Despite centuries of discovery, salespeople are still cast in ancient agrarian terms as “hunters” or “farmers.” Organizations value aggressive hunters who dote on Big Corporate Game, compete for new major accounts, and ink million-dollar-plus deals. Hunt. Kill. Carve. Eat. Drool! Farmers, on the other hand, are installed-account focused. They’re patient, nurturing, and empathetic. Vision, without as much saliva. Even still, farmers are expected to grow cash crops, not weeds. Could any sales organization survive without them? The better question is can they survive with them, because these metaphors are dying. Today, such simplification no more reflects sales than it does food production.
In the context of socially-empowered customers, thinking “hunters and farmers” jams salespeople into roles they can’t adequately fill, and forces processes that don’t match how customers buy. Why? Because social media that fuels socially-empowered customers has fragmented communication into many pieces, and selling responsibilities have fragmented along with it. Just twenty years ago, holding conversations with customers was an almost-inviolable domain of the sales force. Not anymore. And we’re just beginning to understand that buying processes are in fact, complex social processes. Social buying needs social selling, and vice-versa.
This fragmentation yields a related problem—no longer can a hunter/farmer assemble a target-account sales puzzle single handedly. It’s hard enough when the pieces aren’t moving. Try doing it when they are. Nothing in sales remains static. An article by Tuba Ustuner and David Godes, (Better Sales Networks, Harvard Business Review, July-August, 2006) says it best: “The salesperson’s job changes over the sometimes lengthy course of the selling process, with each phase requiring its own particular set of abilities. The skills involved in finding a lead don’t apply to, say, closing a deal. Moreover, each stage requires the salesperson to build and use a different kind of social network.”
If different social networks underpin different phases of the buying process, it’s not safe to assume that sales methods based on “individual contributor” hunter/farmers can support those processes. The multiple social network idea Ustuner and Godes describe begs many questions:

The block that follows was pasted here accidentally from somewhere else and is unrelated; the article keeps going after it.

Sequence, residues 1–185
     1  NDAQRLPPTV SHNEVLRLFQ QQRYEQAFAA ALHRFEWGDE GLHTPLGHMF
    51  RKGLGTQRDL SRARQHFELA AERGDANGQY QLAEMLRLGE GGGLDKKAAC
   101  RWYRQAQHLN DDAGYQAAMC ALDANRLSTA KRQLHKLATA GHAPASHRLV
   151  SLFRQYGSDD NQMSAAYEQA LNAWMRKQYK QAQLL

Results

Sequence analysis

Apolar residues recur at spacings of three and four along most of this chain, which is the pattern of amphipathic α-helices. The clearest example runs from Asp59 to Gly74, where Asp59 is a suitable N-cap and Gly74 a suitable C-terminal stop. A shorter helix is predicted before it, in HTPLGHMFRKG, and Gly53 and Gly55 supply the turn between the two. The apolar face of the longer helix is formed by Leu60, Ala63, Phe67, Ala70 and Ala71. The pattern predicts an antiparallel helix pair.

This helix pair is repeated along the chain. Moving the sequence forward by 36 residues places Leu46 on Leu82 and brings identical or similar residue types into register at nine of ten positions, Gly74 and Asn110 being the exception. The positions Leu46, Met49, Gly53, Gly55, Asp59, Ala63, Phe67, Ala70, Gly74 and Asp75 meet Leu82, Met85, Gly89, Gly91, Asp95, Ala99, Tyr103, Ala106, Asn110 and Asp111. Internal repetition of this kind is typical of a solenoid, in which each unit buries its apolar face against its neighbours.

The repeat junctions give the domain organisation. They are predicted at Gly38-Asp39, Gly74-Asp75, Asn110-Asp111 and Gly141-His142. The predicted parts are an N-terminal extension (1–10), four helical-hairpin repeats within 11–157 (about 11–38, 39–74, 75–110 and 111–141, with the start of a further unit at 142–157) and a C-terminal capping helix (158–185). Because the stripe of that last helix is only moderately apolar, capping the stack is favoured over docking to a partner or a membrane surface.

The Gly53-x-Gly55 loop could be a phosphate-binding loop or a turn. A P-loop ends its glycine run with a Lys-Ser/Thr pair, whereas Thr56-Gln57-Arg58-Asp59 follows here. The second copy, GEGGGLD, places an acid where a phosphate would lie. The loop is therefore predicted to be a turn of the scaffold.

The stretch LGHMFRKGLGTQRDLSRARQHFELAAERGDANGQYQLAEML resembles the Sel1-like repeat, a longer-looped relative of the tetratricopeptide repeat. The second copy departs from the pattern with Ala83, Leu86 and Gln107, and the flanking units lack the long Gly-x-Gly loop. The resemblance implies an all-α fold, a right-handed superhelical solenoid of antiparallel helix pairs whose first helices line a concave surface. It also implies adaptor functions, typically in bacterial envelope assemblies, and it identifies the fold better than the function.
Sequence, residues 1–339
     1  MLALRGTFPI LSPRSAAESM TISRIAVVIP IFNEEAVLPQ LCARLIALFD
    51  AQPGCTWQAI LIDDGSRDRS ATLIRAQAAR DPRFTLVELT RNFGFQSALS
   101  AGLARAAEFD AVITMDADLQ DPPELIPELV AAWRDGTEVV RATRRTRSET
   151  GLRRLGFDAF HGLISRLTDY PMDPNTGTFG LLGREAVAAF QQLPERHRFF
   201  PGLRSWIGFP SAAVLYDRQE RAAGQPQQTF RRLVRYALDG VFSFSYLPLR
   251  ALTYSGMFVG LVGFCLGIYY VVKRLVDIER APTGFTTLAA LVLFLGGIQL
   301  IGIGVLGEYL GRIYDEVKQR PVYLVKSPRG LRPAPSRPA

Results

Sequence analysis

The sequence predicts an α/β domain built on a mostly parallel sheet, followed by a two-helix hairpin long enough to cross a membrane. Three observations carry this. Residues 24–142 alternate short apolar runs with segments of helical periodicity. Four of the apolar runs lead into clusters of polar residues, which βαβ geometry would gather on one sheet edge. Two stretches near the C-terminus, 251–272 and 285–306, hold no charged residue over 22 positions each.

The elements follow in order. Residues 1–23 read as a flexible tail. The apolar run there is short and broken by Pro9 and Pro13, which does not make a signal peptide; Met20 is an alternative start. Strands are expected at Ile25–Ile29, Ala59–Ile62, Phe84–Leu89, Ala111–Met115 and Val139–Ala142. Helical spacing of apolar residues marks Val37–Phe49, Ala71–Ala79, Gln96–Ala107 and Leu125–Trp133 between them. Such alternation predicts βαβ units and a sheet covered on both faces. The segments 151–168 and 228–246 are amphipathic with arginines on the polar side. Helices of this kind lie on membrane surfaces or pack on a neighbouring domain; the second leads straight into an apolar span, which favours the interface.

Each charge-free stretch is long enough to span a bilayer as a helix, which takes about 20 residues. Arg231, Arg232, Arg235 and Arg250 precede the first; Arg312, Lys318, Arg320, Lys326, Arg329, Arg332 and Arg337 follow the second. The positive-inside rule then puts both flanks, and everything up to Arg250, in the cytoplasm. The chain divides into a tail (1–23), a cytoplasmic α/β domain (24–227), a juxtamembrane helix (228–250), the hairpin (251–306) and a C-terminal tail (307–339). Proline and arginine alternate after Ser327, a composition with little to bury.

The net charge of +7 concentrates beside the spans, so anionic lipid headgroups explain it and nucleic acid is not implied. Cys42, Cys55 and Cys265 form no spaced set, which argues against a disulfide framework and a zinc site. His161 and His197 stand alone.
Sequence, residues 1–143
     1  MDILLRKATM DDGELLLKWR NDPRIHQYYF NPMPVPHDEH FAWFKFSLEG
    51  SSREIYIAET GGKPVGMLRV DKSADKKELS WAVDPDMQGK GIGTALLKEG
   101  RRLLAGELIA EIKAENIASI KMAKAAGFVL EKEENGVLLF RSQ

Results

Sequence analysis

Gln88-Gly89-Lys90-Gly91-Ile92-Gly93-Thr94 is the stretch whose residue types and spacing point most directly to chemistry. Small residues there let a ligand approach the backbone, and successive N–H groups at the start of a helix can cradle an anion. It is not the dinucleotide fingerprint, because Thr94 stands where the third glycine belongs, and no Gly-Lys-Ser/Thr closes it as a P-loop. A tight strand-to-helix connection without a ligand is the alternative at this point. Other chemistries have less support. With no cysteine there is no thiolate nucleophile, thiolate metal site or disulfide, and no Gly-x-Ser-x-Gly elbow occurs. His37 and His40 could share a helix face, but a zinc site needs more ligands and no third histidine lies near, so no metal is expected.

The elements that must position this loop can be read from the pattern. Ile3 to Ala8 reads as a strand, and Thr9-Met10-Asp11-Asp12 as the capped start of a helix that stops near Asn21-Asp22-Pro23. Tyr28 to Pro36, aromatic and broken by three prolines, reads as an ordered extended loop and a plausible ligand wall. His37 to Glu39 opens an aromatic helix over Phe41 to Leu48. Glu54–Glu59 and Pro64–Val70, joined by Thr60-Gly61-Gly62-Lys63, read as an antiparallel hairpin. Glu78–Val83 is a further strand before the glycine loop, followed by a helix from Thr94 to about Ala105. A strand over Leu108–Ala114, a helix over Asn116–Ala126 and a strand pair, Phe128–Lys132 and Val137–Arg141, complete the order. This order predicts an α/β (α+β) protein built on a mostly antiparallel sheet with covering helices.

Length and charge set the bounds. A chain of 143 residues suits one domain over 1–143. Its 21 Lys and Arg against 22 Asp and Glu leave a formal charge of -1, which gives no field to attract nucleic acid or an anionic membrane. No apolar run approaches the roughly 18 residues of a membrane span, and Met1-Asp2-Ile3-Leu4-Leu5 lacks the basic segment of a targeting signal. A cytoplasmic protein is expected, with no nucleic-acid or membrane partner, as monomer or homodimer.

Do sales executives need to challenge the long-held view that selling is about managing deals? Instead, is it more about managing networks?
If so, are we identifying and rewarding the requisite sales competencies?
Does the authors’ observation change the definition of the “end-to-end sales process?”
If social media enables malleable buying processes and social networks, do we need similarly malleable sales processes, technologies, and sales teams?
Can sales organizations innovate new strategies that embed customer-centric engagement?
For the answer to the last question, it took none other than GM, former paragon of ossified thinking, to show us true innovation. Though the company’s experiment to sell cars through e-Bay flopped, GM recognized that buyer needs might be better supported by looking at their sales process differently. According to Rob Chesney, VP of eBay Motors, GM wanted to know “if we offer consumers a new way to interact with the purchase of a car, would they engage?” Who could imagine GM asking that even one year ago?
Engage they did. The program generated 1.5 million visits to a dedicated section of eBay’s website, and 15,000 leads for California dealers. But GM ran into a pothole: the engagers failed to buy, and for now, GM is trying to understand the reasons. Although GM postponed further implementation of the program to 2010, Mr. Chesney believes “there is a real proposition that we can build upon there.”
Failure or not, GM’s eBay initiative is significant for heralding another legacy sales process cracking under its own weight. Changing the status quo in sales is always fraught with risk, but GM and other companies are proving that there’s nothing sacrosanct about tried-and-true. There has never been a better time to consider the question whether buyer needs are best supported by an “individual contributor”—whether hunter or farmer. Social selling has become too complex for any one individual to perform.
Can a Kinder, Gentler Sales 2.0 Rep Still Make Quota?, by Anneke Seley
Thoughts on Sales 2.0 from Lee Levitt, by Chad Levitt
Five Steps to Real Customer Centricity, by Graham Hill